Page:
It said: “Good news, Susan. The courts have approved your adoption.” It was from the head of an orphanage in Mumbai where my daughter was housed. His brief, profound words were followed by some legal jargon that my now swirling brain could not comprehend. All I could think about was letting it sink in – – I was finally a mom!!! No, I was finally HER mom; the little girl I had fallen in love with eight months earlier through pictures and occasional brief updates.

This was the news I had been waiting to hear for so long. ¬†I couldn’t contain myself. I called my parents, my sister and sent a quick group email update to my close, supportive friends and relatives who had been keeping me sane through all the unexpected twists and turns of my adoption journey.

Within minutes, all the news crews around us, who were also preparing for midday live shots, were buzzing with excitement, as well. Colleagues were coming up to congratulate me with tears in their eyes. ¬†One photographer I barely knew at a competing station approached and said, “I don’t know you, but I just heard the news and I’m so happy for you.”

It was a moment I want to preserve in my memory forever.

I didn’t know this at the time, but it would still be another long, three months before I was finally allowed to book travel to India to pick her up and take her home. ¬†The details still had to be ironed out, but MY ADOPTION WAS APPROVED!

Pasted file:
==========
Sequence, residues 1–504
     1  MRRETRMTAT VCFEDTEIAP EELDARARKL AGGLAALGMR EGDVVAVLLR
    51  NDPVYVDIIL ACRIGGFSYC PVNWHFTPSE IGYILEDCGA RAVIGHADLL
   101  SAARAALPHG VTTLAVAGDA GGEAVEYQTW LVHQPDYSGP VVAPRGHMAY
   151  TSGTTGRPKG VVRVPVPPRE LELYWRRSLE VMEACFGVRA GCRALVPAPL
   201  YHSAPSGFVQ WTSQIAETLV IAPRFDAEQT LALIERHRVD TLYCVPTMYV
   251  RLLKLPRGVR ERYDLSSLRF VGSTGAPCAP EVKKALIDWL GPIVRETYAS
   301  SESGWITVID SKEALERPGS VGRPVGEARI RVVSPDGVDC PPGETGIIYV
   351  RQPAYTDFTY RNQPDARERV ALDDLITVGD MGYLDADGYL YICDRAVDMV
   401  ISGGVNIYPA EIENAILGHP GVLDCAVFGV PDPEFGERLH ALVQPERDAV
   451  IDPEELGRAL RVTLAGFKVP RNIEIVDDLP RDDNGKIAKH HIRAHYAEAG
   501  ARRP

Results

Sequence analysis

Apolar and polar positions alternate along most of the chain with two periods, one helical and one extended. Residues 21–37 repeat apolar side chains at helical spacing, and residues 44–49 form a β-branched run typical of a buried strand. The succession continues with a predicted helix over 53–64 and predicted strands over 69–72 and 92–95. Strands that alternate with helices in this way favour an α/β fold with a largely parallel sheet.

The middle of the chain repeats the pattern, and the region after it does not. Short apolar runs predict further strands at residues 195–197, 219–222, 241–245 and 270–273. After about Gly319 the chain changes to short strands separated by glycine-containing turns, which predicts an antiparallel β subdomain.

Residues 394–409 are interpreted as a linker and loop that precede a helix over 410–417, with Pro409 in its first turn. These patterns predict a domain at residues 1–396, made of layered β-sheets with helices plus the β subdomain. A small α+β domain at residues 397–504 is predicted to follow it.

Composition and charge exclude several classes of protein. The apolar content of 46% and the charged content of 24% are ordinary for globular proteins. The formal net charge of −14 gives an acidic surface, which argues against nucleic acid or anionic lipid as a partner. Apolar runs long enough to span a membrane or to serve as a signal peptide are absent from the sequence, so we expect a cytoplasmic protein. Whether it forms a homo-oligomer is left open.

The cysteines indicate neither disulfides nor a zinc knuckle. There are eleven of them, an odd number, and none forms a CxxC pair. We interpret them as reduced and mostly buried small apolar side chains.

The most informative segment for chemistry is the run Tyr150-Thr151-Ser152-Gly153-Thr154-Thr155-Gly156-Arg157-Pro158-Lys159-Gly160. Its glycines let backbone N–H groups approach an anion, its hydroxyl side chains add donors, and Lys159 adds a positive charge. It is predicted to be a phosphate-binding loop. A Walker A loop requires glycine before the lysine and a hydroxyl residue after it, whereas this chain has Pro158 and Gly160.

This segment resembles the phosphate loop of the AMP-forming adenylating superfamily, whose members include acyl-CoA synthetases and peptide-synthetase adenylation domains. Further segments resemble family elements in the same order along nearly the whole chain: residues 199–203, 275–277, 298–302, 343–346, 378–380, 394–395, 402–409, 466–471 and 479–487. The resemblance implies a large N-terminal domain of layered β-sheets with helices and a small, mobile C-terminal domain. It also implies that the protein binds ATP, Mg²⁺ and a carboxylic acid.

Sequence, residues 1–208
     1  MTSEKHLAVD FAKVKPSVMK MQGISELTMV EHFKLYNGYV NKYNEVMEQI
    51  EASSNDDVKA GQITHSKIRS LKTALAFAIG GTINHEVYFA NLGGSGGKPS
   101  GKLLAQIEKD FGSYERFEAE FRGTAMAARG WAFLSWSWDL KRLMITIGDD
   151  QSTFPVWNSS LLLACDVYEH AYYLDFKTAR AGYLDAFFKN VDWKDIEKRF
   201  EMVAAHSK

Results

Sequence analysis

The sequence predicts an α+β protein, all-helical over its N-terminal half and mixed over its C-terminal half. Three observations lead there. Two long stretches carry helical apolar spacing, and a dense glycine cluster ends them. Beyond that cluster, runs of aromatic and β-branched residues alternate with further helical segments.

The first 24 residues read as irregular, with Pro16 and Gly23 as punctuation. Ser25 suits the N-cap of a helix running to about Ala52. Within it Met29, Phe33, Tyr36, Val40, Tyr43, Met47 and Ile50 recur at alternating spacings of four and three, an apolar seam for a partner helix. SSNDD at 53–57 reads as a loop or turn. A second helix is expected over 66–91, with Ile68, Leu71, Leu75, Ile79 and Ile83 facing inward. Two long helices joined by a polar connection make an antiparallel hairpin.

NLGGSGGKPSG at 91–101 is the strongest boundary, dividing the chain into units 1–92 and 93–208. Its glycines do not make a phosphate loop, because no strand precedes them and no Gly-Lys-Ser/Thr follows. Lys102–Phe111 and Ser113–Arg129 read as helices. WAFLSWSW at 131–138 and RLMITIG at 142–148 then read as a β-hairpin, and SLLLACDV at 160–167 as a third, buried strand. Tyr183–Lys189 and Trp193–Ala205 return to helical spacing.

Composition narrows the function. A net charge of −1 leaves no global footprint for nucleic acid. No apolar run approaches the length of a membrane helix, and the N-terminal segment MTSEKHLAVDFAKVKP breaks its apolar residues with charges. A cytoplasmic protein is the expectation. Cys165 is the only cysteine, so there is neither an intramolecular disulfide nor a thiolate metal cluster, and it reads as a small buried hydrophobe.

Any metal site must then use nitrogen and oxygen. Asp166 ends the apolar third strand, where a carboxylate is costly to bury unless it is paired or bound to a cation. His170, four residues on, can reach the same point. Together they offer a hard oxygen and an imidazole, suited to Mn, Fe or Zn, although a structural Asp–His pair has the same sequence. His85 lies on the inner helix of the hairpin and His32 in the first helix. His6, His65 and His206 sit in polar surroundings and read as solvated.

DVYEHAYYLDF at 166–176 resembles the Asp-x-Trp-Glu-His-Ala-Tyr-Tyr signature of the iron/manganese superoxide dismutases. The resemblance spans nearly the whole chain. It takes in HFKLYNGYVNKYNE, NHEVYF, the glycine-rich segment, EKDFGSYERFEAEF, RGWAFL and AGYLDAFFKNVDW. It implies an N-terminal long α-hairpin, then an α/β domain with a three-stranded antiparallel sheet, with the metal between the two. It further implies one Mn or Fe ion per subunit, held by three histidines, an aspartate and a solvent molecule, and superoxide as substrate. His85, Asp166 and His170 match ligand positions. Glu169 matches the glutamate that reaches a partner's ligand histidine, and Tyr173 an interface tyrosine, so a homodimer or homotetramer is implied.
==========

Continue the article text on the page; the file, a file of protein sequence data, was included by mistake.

I couldn’t keep the giant smile off my face through mic and video checks. Two minutes to air. My coworkers in the control room and transmission were in my earpiece, congratulating me as well. Word travels fast. My eyes were welling with happy tears.

You probably don’t think about reporters’ personal lives when they stoically deliver the news. Sometimes, it’s the biggest challenge to push everything aside and put on an appropriate face. Maybe the person you see on camera¬†is quietly dealing with a loss, sickness or personal demons. Or, maybe they’ve just received the best news possible.

OK, time to get serious. Focus on the story here. Gotta go on the air…and then, I could return to my ecstatic state and continue celebrating this life-changing day.

This anniversary has prompted me to start a blog in the hopes of helping others, particularly other single career gals who may fear they missed the boat on having a family. ¬†I’m finally ready to share the journey of finding my daughter and my 180 degree life transition, as I’m still adapting to balancing a demanding job and motherhood in suburbia after long-time, single life in the city.

More to come….